You said as an actor you felt you weren’t Brown enough or White enough for most roles. Your music is also hard to fit into one category.
Definitely. I think there’s been a problem with this for a long time. The music genre thing was built to sell stuff. To package things as opposed to some sort of anthropological research where you’re like let’s make sure we can categorize everything so that there aren’t any mistakes. I still consider that I play folk music in the sense that I write songs from my own specific personal journey through this life. And then also from the point of view of an American and also like a global citizen trying to figure out what’s going on with the world around me.
You have a very comfortable stage presence. Is that from your acting background?
It’s definitely years of torture and practice and musical theater abuse when I was little (laughs). Where you’re like well I guess I want to go sing songs from ‘Annie’ right now. But it’s always scary.
Which is your favorite Wild Turkey release?
Straight 101 is my favorite. There is that classic aspect that I do like. I’ve kind of wanted my wardrobe to look like a cartoon character’s — where it looks like I’m wearing the same thing every day but I just have 10 of the same shirts. I end up gravitating more to products that are milestones you can return to. So I think the 101 does that for me.
Do you have a favorite guitar that you own?
Sometimes life feels like a role-playing-game where you end up acquiring magical objects. I have this crazy guitar, a 1932 Gibson L-7, given to me by someone who saw me a play a show one night. It belonged to his grandmother’s boyfriend who was a jazz player. I took the guitar home and tried to commune with it. I would play it and it would dive out of tune — it didn’t want anything to do with me. And slowly I was like I mean, you no harm. We’re gonna be friends. I started playing it in open tuning and it has since become a signature of how I play and a style that I developed from this one guitar.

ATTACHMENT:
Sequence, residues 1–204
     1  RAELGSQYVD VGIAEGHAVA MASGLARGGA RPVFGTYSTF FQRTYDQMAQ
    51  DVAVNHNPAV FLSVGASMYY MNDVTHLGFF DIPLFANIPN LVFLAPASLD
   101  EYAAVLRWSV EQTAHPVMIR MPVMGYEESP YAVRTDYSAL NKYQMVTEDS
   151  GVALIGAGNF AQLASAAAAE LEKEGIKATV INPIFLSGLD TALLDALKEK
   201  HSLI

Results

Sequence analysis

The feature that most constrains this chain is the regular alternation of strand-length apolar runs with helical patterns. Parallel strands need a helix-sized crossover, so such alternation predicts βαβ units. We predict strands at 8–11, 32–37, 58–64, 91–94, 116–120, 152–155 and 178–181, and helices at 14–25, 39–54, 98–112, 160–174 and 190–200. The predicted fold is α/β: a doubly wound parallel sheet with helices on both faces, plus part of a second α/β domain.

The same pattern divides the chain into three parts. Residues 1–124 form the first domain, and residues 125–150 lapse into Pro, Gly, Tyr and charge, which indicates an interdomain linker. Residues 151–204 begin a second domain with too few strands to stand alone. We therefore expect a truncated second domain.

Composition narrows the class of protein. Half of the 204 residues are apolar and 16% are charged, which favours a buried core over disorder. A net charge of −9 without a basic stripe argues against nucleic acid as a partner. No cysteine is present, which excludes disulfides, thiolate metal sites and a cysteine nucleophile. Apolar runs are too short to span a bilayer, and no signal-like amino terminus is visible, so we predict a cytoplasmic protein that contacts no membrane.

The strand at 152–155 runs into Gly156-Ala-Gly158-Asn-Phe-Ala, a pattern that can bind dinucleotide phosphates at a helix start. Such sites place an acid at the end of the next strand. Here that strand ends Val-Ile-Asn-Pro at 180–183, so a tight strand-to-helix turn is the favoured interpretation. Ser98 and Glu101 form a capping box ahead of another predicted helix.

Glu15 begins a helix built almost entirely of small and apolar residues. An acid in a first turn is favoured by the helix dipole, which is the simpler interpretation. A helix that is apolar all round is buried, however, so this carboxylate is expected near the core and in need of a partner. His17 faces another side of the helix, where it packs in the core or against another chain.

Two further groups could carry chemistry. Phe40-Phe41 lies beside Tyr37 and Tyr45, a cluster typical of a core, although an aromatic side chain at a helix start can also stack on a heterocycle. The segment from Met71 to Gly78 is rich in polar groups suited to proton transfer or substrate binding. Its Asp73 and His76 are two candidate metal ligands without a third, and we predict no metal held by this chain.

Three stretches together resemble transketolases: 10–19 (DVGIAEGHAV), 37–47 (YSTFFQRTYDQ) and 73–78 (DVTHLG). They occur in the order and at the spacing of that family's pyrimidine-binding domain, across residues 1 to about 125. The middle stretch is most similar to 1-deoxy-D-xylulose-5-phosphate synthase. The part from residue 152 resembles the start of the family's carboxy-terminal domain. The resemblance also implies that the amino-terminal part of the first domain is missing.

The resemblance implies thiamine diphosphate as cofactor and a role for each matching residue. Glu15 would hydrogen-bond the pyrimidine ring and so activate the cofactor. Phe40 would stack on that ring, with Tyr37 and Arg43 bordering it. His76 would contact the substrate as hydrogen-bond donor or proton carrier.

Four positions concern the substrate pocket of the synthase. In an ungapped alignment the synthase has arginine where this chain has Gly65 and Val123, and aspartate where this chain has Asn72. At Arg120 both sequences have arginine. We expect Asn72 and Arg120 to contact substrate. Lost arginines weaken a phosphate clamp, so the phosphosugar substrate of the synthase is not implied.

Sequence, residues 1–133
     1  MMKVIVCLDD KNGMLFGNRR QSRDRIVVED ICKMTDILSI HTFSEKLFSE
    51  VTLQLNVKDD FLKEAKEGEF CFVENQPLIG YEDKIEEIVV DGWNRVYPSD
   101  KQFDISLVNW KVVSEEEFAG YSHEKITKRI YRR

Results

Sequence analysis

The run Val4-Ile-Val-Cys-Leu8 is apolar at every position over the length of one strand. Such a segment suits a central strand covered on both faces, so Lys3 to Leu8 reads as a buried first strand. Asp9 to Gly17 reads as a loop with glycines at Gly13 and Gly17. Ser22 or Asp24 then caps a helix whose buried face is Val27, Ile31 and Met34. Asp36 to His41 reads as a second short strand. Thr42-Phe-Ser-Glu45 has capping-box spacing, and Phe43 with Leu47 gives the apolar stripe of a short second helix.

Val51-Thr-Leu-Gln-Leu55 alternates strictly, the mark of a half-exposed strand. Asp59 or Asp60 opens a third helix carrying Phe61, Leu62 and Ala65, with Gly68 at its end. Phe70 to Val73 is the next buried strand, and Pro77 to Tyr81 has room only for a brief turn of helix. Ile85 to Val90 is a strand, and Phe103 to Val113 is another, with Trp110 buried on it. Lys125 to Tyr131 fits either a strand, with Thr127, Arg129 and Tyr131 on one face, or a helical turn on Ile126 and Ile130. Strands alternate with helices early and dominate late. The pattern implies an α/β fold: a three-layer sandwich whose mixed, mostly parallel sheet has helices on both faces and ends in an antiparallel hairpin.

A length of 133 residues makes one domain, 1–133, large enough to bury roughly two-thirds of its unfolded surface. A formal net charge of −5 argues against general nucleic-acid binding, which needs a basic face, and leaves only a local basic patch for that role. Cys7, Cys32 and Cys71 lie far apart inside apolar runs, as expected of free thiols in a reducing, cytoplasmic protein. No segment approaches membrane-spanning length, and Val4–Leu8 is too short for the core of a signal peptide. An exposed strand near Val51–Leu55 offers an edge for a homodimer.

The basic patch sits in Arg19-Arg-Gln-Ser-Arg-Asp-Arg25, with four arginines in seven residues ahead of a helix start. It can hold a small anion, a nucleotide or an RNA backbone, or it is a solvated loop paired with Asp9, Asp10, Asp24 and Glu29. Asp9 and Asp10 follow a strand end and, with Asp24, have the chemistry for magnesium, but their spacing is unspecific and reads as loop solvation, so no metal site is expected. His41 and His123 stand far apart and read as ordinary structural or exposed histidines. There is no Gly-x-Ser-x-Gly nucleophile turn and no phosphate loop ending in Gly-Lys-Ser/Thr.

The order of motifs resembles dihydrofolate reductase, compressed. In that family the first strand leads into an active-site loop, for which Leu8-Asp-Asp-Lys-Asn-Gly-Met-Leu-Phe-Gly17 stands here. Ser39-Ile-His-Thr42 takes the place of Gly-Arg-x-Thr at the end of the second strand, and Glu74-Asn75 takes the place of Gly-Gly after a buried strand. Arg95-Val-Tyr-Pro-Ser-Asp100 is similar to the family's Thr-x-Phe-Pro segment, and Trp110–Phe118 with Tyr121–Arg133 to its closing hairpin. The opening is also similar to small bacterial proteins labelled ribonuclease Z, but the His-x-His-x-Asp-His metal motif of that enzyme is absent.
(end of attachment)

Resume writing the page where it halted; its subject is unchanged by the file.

Have you ever had a memorable drink or meal with one of your idols?
My wife was in a band and had a show at the The Carlyle Hotel and Whoopi Goldberg ended up coming. She was like “what are you guys doing tomorrow? Come to my house in Jersey and we’re gonna have a barbecue.” She has like a museum of a house that’s got all this incredible top-tier hoarder stuff: Beatles memorabilia, amazing paintings and Disney film stills from Dumbo that are signed by the artist. I’m a big ‘Star Trek: The Next Generation’ person, so I was freaking out.
You have a new album coming out.
It’s called ‘Movie of the Week.’ I did a score for a friend’s movie and was like this is amazing. And they were like it’s a little moody (laughs). So I ended up taking some of these melodies and kind of made a soundtrack for a movie that doesn’t exist. It’s real wild sounding and definitely a more personal record than I’ve put out in a while. The world has just been so intense — I guess forever — but in the last few years specifically. It’s definitely more of a frustrated, at times apocalyptic album — but with a little bright spots.
You’re known for playing with a suitcase drum. Did you try out different brands to get the right sound? Is a Tumi different than a Samsonite?
I had started to do a one-man band thing but I didn’t have a car and didn’t have a drum kit. So I made weird detailed drawings imagining a suitcase thing just so I could be self-sufficient. I took that to my friend Will who’s this crazy builder-psychopath-fisherman dude. The first one was a yellow suitcase that started to fall apart. The one I play now is lined with aluminum and built to last. He chose Samsonite. Like American Tourister? No dice! But still no call from the Samsonite corporation. You think they would’ve hit me up by now.